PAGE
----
They managed, however, to secretly Tweet what was happening and this sparked international outrage about their situation. Foreign embassies contacted the Ugandan government and managed to get Hassan and the other marchers released.
— Pride Uganda (@Prideuganda2016) August 4, 2016
Min. of ethics & intergrity Lokodo swears that he will mobilize vigilante,hooligans to crush the Pride Parade.He compared us 2 terrorist
— Pride Uganda (@Prideuganda2016) August 5, 2016
Thank you to every one for showing so much love to @Prideuganda2016 – the police raid from last evening won’t break us but make us strong
— Dr. Frank Mugisha (@frankmugisha) August 5, 2016
Dear media, talking about violations does not mean you are promoting homosexuality. You are protecting humanity. #UgPride2016
— Susan Mirembe (@Cell_met) August 8, 2016
“It’s the power of speaking out,” said Hassan. “When we shared this information, people started sharing it with their friends and that’s how we got saved.”
Despite the dangers, Hassan said that he wants to tell such stories so he can “push and change things” in Uganda, rather than have to change himself and the LGBTQ community.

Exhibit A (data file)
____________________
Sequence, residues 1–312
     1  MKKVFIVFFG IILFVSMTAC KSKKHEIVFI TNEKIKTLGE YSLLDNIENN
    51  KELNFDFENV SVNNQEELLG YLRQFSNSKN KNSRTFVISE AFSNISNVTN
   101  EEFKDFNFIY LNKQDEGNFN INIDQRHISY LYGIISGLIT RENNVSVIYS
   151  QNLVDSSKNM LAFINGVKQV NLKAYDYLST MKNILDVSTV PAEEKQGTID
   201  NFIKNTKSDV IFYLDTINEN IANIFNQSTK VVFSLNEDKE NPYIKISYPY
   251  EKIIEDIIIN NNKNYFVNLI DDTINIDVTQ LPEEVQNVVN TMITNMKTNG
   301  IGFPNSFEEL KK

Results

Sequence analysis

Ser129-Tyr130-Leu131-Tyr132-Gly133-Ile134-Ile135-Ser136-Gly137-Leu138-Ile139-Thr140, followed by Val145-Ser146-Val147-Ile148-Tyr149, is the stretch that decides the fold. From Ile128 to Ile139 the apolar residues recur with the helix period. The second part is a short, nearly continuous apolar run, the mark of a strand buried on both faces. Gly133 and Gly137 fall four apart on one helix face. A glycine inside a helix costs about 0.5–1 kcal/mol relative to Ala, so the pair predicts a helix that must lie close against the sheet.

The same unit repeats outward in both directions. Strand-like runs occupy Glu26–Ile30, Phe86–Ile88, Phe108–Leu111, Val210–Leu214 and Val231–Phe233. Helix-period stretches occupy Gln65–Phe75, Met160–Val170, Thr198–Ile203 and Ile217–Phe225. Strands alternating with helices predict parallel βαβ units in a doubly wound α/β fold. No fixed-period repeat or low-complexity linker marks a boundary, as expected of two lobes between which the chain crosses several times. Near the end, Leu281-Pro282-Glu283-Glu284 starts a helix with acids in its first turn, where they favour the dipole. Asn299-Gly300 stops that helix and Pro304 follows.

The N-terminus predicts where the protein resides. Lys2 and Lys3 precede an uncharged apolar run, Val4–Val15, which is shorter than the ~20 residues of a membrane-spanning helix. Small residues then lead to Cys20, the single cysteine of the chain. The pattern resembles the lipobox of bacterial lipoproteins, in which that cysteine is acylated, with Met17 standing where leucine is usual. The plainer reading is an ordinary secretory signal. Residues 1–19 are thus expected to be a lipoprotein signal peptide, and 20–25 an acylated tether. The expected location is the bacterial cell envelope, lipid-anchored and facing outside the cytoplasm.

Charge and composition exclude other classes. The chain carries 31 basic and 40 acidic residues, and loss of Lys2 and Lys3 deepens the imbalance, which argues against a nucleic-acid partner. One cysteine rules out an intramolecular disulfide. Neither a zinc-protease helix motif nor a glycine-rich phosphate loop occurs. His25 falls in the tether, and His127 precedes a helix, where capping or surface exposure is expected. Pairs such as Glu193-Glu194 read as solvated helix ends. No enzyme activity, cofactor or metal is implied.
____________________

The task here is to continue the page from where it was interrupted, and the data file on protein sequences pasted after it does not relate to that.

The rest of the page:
“When we start fighting now, we are actually making it easier for the next generation of people who are going to come [after] us,” said Hassan. “It’s a risky fight, but we cannot die in silence.”
Watch the full discussion with director Kamoga Hassan below:
- How can journalists responsibly report on extremism? Join us for a panel discussion
- What role does advocacy play in today’s journalism? Join us for a panel discussion
- Toronto conference will explore local news woes and solutions
- Join us for a screening of the new film “All Governments Lie” and meet the producer
- Upcoming book launch: Journalism in Crisis
- Watch a screening of Freelancer on the Front Lines and a following Q&A with Jesse Rosenfeld
- See author and journalist Tanya Talaga discuss her new book, Seven Fallen Feathers
- NYT Canadian photo archive a rich resource for journalism researchers
- Panelists: Media needs to give advocates of marginalized communities a voice
- Putting Canadian politics on the map with ethnic media
- Does the public have the right to know? How differing police practices on naming crime victims can affect reporting
- The power of place: When “local” is more than a catchphrase
- Research shows that local news reporters are working harder than ever – and they’re loving it